Anyhow, at least when we assume ${\bf{k}} = (2, \ldots, 2)$, a standard argument shows that there is a $G({\bf{A}}_f)$-equivariant isomorphism $\Gamma(\omega) \cong S^B_{\bf{k}}(\mathfrak{m})$, where $\omega$ is the sheaf of homomorphic $1$-forms on the complex Shimura curve \begin{align*} M(\bf{C}) &= G({\bf{Q}}) \backslash G({\bf{A}}_f) \times X/H.\end{align*} Here, $X = {\bf{C}} - {\bf{R}}$, and $H \subset G({\bf{A}}_f)$ is a compact open subgroup of level $\mathfrak{m}$. Let $M$ denote Shimura's canonical model of this curve (defined over $F$). Let $J$ denote the Jacobian of $M$. Let ${\bf{T}}$ denote the subalgebra of $\operatorname{End}(J)$ generated by Hecke correspondences on $M$. My question is whether or not the following construction can or has been made rigorous. Namely, in the setup above, start with a Hilbert modular eigenform ${\bf{f}} \in \pi$, and consider an associated quaternionic eigenform $\Phi \in \pi'$. Viewing $\Phi$ as an eigenform for the Hecke algebra ${\bf{T}}$, consider the homomorphism $\theta_{\Phi}:{\bf{T}} \longrightarrow E$ that sends a Hecke operator acting on $\Phi$ to its corresponding eigenvalue. Here, $E = E_{\Phi}$ denotes the extension of ${\bf{Q}}$ generated by all of the eigenvalues of $\Phi$. Let $I_{\Phi} = \ker{\theta_{\Phi}}$. Consider the quotient \begin{align*} A &= J/I_{\Phi}J. \end{align*} Is $A$ not an abelian variety associated to the Hilbert modular eigenform ${\bf{f}}$? Or is this completely trivial, with the subtle part being the task of showing that $\dim(A) = [E: {\bf{Q}}]$?

A more naive question to ask is why Shimura's construction cannot be generalized directly for a cuspidal Hilbert modular form ${\bf{f}} \in S_{\bf{k}}(\mathfrak{m})$. Also, how does taking weight ${\bf{k}} = {\bf{2}}$ make the problem simpler? Apologies if parts of this question were somewhat vague, I have sketched matters for simplicity/space.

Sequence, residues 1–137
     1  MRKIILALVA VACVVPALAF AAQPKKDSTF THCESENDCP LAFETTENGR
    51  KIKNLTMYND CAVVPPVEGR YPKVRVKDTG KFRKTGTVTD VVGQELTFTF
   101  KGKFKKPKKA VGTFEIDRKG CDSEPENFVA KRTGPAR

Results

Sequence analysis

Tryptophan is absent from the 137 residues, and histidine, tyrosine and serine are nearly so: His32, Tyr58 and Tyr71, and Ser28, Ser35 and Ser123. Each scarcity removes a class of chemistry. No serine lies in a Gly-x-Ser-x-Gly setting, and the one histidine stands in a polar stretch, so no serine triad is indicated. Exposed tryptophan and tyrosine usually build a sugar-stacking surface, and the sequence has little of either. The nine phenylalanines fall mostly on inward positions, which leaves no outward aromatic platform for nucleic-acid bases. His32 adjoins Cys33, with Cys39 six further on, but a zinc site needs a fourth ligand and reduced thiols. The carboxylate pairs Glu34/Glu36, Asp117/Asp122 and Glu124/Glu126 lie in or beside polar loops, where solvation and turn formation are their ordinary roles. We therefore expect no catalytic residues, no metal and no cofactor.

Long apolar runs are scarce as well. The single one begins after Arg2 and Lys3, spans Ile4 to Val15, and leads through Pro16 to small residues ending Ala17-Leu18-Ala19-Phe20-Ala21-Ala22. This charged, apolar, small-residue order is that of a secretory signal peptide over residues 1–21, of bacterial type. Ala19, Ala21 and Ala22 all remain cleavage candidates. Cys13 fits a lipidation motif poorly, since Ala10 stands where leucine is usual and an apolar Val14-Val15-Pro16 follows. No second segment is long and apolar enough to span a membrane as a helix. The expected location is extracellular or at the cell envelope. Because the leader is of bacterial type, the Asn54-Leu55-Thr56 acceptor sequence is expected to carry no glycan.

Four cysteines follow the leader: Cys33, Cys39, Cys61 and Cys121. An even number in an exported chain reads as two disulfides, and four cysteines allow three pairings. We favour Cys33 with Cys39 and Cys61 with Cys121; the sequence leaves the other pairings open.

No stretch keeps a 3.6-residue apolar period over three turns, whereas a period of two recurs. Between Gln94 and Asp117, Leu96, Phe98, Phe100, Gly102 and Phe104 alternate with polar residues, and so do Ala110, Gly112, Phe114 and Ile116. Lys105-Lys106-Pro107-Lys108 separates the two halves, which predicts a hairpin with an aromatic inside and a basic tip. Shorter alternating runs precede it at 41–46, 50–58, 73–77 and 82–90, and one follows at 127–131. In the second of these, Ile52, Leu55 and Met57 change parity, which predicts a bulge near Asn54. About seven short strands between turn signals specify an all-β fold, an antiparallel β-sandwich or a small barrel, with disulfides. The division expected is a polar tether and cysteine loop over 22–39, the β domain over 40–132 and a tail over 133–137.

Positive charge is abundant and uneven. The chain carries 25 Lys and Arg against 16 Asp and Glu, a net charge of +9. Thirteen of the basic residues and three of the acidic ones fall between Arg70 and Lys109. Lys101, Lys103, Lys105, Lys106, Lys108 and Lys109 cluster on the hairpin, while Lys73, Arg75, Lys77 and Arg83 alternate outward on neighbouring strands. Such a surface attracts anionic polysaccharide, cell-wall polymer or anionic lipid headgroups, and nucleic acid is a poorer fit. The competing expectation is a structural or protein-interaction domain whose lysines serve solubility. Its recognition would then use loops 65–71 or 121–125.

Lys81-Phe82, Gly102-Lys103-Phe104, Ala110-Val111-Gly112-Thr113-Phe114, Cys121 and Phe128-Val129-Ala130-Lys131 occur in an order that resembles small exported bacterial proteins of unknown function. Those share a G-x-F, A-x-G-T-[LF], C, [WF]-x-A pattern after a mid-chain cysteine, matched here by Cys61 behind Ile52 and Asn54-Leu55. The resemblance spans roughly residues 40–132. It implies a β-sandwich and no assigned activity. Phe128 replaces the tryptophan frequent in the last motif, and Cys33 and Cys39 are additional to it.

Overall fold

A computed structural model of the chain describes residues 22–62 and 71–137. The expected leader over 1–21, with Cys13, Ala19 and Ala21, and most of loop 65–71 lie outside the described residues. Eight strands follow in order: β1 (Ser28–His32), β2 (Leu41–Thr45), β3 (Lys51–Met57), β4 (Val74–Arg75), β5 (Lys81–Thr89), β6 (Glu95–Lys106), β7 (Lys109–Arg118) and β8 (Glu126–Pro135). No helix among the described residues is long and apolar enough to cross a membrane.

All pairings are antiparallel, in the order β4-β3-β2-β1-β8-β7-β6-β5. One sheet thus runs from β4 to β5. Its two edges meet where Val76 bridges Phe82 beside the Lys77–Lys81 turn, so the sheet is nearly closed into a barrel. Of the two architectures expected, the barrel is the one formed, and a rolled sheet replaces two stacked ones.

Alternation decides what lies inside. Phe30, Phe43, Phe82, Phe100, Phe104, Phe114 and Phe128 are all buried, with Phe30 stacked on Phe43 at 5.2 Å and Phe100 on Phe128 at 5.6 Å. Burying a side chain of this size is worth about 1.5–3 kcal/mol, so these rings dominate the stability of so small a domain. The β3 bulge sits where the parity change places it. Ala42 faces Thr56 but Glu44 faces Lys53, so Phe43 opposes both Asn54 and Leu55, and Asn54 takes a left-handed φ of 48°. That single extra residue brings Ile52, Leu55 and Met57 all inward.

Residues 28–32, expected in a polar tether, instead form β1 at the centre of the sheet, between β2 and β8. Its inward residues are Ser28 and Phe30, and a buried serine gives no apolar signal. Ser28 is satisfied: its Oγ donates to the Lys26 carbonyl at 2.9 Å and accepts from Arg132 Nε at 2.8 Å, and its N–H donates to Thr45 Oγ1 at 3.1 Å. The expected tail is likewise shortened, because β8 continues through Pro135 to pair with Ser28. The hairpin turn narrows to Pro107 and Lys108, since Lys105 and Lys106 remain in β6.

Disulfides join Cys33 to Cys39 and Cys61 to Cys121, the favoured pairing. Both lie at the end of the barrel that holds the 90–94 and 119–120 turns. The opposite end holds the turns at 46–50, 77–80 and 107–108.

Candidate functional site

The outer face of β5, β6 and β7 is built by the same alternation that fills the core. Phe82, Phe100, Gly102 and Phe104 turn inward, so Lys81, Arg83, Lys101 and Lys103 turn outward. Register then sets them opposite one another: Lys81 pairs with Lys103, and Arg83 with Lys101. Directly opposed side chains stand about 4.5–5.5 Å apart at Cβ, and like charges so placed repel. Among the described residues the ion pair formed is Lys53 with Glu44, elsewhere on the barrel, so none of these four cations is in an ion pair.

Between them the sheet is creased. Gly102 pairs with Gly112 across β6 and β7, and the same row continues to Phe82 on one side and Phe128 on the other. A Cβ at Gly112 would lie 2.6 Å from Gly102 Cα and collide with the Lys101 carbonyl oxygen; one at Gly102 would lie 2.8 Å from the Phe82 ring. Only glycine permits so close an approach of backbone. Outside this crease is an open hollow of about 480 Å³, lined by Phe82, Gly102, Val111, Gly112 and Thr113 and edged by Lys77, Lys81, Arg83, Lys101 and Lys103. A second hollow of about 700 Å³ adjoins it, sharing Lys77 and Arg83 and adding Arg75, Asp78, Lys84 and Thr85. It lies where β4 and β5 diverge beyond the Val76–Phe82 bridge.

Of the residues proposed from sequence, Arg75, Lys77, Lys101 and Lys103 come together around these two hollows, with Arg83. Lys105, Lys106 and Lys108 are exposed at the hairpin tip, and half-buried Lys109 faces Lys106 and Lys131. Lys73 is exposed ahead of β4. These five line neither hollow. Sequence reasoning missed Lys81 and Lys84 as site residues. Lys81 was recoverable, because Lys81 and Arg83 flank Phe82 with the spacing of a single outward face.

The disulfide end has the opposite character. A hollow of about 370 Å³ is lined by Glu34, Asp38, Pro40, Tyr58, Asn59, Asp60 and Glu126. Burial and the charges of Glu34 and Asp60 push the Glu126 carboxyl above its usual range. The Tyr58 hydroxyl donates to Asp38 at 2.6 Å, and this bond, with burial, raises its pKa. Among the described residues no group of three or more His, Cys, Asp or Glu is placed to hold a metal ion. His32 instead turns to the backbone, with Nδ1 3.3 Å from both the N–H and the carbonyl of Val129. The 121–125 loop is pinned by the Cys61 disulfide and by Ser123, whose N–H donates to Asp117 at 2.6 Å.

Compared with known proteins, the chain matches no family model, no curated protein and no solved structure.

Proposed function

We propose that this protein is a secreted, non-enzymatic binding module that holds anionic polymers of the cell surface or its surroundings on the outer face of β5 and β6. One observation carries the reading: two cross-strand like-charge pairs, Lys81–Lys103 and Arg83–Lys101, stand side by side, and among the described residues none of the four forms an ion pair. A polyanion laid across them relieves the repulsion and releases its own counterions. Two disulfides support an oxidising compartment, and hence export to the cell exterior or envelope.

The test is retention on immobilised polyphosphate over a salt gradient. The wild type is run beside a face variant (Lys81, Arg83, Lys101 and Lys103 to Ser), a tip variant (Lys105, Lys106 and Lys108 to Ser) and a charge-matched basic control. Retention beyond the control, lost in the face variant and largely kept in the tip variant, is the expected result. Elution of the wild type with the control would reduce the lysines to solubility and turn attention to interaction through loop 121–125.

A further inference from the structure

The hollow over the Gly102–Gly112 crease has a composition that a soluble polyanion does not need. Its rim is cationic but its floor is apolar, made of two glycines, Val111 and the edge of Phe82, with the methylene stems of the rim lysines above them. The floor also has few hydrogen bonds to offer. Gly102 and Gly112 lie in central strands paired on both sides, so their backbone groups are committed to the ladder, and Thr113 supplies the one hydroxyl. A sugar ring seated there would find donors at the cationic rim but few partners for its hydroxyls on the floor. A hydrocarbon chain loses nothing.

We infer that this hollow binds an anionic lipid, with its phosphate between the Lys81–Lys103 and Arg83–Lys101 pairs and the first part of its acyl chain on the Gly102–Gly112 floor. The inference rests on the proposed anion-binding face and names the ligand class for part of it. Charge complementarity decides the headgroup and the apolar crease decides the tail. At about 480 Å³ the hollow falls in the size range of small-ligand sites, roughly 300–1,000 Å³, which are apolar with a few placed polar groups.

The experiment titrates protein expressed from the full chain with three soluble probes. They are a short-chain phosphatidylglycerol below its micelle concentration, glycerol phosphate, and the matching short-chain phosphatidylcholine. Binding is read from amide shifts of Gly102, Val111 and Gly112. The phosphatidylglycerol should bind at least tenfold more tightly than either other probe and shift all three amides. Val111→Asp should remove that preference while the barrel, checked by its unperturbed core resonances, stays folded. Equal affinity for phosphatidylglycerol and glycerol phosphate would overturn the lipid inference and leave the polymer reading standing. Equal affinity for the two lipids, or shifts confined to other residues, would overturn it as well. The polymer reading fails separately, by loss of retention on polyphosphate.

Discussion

There is no problem with constructing an abelian variety $A$ for most Hilbert modular forms of parallel weight $2$, the issue is finding such a variety for all $\pi$. In particular, when $d = [K:\mathbf{Q}]$ is even, there is a local obstruction to the existence of a corresponding Shimura curve which realizes the Galois representation associated to $\pi$. In particular, if $\pi$ has "level one", then no such Shimura curve exists. To construct the Galois representation in this case one has to use congruences; this was done by Taylor in the late 80's. This issue is also discussed here:

Are there motives which do not, or should not, show up in the cohomology of any Shimura variety?

  • $\begingroup$ Thanks for this reply, this is exactly the kind of answer I was looking for! Incidentially, on the topic of conditions imposed by Shimura curves, does the analogous construction via Hilbert modular varieties not work too? That is, start with a Hilbert modular eigenform of parallel weight 2, viewed as a function on some associated Hilbert modular variety Y which equipped with an algebra of Hecke correspondences. Let J be the jacobian of Y, with T the subalgebra of $\End(J)$ generated by Hecke correspondences. The eigenform gives rise to a homomorphism as above, with kernel $I$. Let $A=J/I$? $\endgroup$ – jvo Feb 7 '11 at 8:32
  • $\begingroup$ @vo: Hilbert modular varieties don't have Jacobians, they have Albaneses, and these tend to be trivial! $\endgroup$ – David Hansen Feb 7 '11 at 22:11
  • $\begingroup$ @Barry Lyndon: Oh, I see. I had been wondering why no one seems to work directly with Hilbert modular varieties in these constructions ... I suppose this also explains the importance of Jacquet-Langlands correspondence (to reduce to the study of Shimura curves) in the work of Carayol and others. Thanks for pointing this out. $\endgroup$ – jvo Feb 8 '11 at 8:33
  • $\begingroup$ @David Hansen: Thanks for pointing this out! $\endgroup$ – jvo Feb 8 '11 at 8:33

Your Answer

By clicking “Post Your Answer”, you agree to our terms of service, privacy policy and cookie policy

Not the answer you're looking for? Browse other questions tagged or ask your own question.